The game also has a more refined combat system. Guns are completely unusable now so you have to rely on your speed to fight back effectively. The game makes use of a number of mechanics in order to add substance to the combat. The most notable is how your parkour skills can be used in an offensive capacity. You get a significant damage bonus to your light and heavy attacks when they are used in conjunction with your parkour moves. For example, you can wallrun and punch a dude in the face or launch off a railing and smash into an enemy from above. There are enemies that shoot at you, but you counter this with a mechanic called Focus that acts as a sort of shield. The more you move around and stay on the move, the more Focus you achieve and more attacks you can repel. You can also dodge around enemies and use various combat tactics that you unlock throughout the game.

The combat, like the story, was serviceable. There’s nothing wrong with it and it’s even pretty fun at times when you get into a groove and start knocking enemies around like they’re playtoys, but it really isn’t the focus of the game. It almost felt like a diversion rather than a fully fledged feature. But it was good of them to try and make the combat deeper and worth getting into this time. They keep it interesting with various enemy types that cause you to change your strategy to defeat them and battles can get pretty intense at times.

MirrorsEdgeCatalst_GC_Web_Screen_02_CityVista.0

A huge point in the game’s favour are its setpieces. There’s some incredible sequences in the game, primarily in the story missions, where you get to climb some awe-inspiring structures and witness some spectacular sights. There honestly wasn’t enough, but what we got was pretty great. The final few missions in particular were really well made and took my breath away at times. In all honestly, if the game had more of these then it would have elevated it to a new level.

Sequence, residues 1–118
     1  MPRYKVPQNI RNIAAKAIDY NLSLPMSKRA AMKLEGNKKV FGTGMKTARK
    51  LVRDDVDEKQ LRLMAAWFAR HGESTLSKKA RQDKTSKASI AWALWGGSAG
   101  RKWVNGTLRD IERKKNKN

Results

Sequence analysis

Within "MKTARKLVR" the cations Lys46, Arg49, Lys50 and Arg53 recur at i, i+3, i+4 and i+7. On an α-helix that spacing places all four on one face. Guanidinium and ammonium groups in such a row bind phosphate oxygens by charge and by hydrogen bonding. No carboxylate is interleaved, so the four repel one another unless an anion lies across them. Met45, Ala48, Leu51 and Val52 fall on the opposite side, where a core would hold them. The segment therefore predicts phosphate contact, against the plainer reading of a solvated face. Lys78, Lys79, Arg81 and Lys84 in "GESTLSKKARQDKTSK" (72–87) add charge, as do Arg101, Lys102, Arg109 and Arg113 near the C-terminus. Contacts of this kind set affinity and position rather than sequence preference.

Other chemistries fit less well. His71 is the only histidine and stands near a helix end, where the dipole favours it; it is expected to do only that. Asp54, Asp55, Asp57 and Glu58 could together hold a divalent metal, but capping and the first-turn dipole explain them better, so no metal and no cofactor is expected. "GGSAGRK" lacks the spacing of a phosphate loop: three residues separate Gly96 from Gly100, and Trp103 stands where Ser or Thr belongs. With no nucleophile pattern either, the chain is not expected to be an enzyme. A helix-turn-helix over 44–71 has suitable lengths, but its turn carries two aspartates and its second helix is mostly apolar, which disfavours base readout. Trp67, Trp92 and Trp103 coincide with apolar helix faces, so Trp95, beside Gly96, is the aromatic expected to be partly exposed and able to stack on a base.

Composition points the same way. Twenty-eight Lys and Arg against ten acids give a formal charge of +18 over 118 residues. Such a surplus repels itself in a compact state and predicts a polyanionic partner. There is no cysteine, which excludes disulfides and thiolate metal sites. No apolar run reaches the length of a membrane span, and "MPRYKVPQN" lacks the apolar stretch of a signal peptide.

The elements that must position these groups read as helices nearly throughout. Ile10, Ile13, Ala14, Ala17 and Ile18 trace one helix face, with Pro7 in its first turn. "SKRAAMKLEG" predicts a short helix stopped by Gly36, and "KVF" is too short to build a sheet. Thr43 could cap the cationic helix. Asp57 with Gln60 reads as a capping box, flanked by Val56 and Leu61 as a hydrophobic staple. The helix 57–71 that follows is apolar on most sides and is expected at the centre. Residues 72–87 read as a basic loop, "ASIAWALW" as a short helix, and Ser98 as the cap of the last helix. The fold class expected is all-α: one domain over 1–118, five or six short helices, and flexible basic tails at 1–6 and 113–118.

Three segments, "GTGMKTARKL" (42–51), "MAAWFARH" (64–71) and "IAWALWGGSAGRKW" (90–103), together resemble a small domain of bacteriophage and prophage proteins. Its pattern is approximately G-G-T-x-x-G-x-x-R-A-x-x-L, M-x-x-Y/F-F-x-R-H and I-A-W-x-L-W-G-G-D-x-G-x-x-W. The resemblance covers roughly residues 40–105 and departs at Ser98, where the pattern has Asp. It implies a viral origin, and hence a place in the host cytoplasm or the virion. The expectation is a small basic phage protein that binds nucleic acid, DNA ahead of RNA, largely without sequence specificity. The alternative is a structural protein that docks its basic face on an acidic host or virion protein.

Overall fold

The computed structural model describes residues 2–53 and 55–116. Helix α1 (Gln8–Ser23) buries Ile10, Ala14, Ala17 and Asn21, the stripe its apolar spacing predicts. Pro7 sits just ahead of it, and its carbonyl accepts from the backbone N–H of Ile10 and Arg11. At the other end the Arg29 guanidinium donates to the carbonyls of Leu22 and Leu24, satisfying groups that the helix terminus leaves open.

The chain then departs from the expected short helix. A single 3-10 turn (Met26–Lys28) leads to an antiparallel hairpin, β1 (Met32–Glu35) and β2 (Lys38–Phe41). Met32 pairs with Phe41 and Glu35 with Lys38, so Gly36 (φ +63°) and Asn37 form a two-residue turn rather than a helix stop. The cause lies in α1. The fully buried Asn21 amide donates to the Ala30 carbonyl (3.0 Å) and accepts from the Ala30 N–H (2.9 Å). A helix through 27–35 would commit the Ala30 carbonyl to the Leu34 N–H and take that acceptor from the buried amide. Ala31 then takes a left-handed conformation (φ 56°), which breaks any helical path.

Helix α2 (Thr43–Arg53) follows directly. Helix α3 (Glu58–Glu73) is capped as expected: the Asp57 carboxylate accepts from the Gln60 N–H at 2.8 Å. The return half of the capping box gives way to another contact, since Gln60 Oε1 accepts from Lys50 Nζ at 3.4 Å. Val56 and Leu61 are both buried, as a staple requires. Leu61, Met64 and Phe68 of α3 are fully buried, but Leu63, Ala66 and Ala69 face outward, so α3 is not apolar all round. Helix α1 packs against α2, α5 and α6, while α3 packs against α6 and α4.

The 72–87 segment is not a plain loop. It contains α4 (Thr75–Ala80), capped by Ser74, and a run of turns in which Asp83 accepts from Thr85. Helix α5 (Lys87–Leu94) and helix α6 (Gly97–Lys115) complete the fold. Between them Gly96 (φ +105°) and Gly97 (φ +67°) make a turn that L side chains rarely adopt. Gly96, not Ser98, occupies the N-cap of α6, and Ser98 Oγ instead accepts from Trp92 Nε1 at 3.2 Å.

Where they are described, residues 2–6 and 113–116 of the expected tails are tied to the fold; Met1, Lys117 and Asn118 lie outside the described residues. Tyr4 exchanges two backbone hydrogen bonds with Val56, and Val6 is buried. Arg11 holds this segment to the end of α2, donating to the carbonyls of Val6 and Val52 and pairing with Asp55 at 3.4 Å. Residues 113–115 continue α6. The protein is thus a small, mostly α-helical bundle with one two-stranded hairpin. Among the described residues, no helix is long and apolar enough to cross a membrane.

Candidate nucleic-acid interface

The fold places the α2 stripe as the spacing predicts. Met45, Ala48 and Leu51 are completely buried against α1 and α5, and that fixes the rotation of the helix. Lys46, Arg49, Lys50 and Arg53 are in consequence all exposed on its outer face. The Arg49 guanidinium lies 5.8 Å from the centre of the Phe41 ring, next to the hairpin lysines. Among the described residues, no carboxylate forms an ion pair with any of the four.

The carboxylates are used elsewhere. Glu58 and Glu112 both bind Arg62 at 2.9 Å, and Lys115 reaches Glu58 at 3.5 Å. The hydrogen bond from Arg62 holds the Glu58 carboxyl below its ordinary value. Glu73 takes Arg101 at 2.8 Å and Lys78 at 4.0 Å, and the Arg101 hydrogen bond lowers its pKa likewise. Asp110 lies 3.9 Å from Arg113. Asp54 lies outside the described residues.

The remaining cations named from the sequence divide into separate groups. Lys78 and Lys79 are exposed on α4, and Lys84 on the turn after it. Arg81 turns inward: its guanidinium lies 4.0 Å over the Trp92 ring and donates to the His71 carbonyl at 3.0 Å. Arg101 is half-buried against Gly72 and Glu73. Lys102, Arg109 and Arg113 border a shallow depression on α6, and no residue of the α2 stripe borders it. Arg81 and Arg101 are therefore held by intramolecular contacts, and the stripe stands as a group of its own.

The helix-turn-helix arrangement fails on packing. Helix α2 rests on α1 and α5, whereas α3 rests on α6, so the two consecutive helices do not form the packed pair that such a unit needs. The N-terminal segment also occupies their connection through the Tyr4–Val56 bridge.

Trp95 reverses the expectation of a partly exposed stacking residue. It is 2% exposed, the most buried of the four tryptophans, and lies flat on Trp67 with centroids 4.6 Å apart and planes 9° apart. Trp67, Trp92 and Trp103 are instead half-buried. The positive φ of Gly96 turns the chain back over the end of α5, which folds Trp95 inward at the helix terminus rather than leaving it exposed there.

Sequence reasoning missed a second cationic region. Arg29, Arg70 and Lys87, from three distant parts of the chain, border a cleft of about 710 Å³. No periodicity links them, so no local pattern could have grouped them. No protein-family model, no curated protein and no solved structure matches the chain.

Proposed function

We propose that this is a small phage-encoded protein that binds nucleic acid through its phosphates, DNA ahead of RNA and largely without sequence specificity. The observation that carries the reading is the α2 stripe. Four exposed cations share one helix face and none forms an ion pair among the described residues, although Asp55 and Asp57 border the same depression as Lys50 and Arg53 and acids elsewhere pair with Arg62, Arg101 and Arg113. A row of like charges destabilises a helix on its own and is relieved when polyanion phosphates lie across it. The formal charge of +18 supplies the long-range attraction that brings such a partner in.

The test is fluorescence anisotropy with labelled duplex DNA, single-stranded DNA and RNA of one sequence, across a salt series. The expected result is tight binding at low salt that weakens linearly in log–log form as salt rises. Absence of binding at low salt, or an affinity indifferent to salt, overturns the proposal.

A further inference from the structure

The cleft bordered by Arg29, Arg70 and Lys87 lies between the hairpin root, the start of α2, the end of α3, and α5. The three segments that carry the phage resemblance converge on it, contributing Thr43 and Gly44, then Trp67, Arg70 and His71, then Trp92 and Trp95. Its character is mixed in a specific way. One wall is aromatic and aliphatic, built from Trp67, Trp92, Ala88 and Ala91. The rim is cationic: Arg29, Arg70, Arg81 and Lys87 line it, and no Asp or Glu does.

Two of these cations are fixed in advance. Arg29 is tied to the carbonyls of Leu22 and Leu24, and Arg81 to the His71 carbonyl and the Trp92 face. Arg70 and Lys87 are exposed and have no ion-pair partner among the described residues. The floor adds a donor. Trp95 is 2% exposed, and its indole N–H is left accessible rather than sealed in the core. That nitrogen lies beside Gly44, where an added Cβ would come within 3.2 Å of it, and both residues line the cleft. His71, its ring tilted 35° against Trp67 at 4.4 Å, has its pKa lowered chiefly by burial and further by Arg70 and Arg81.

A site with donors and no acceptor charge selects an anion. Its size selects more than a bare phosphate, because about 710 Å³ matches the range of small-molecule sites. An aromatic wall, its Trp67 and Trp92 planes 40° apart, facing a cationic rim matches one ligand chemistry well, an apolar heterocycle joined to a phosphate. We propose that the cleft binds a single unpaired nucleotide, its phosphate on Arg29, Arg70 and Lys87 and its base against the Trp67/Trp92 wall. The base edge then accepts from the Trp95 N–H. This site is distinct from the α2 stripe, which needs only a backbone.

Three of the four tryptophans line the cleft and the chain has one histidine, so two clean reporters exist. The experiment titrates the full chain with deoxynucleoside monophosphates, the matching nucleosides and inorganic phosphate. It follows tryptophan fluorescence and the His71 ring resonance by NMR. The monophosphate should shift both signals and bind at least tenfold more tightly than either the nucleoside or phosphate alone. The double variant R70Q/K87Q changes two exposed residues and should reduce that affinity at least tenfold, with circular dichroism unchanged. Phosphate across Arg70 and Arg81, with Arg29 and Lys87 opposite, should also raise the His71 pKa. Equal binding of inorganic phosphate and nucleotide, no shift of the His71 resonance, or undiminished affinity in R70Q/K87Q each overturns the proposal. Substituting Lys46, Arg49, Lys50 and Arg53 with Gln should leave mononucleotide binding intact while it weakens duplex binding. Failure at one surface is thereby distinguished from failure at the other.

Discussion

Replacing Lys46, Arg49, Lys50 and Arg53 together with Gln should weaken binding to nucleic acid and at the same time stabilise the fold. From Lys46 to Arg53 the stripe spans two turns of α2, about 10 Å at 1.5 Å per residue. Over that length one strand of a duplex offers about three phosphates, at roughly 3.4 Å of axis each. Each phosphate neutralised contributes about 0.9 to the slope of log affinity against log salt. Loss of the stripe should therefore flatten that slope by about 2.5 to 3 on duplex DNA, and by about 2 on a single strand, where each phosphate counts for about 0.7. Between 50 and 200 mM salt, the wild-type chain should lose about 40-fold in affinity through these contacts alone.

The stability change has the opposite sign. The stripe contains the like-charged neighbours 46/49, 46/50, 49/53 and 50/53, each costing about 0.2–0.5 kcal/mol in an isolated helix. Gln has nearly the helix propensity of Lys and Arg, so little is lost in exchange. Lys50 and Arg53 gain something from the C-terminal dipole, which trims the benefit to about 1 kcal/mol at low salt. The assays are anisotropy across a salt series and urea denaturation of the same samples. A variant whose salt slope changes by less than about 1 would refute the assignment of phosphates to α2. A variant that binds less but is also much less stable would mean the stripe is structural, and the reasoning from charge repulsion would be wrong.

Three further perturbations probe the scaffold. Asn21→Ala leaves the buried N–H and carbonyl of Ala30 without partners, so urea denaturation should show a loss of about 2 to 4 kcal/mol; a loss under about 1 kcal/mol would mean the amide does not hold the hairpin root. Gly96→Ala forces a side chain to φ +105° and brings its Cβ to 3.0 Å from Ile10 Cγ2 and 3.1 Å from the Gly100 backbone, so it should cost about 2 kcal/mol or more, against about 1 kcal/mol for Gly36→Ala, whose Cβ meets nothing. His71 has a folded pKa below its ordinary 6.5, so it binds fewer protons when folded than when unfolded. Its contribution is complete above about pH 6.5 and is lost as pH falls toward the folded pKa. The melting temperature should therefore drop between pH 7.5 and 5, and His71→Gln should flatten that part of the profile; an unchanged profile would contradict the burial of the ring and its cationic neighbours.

The visuals are sort of contradictory. They are both underwhelming and breathtaking at the same time. The ground level objects and environments don’t have a lot of distinguishable features and the textures follow the same clinical smoothness theme that coincides with the game’s theme of emotionless totalitarian control. While a stylistic choice, this does make the environments appear to be more boring than they are. On the other hand, once you get to the great vistas that come with being high off the ground and traverse in the more affluent areas of the city, things suddenly become beautiful and cause you to stop and gawk for a second. As far as performance goes, the game runs really smooth with no framerate drops to mess you up. There was some pop-in happening with assets that were very far away, but that’s somewhat understandable. Also, kudos to them for including an FOV slider in the console version. I don’t know how someone can play a game like this and not be on 90 FOV.

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Mirror’s Edge Catalyst has the displeasure of relying way too much on subjectivity. The game is genuinely not for everyone and its central selling point is in its core gameplay. If you were a fan of the original and the ideas that it brought to the table, then you will find much joy in Catalyst. But if you didn’t, then the game doesn’t offer enough aside from the gameplay to compel you. The massive open-world with the ton of activities won’t matter if you do not enjoy playing the game from the start. Personally, I enjoyed navigating the architectural puzzles and running as fast and as efficient as I could. My recommendation is to watch some gameplay videos and determine if the game is for you. If you have a love for the original then this will be a no-brainer.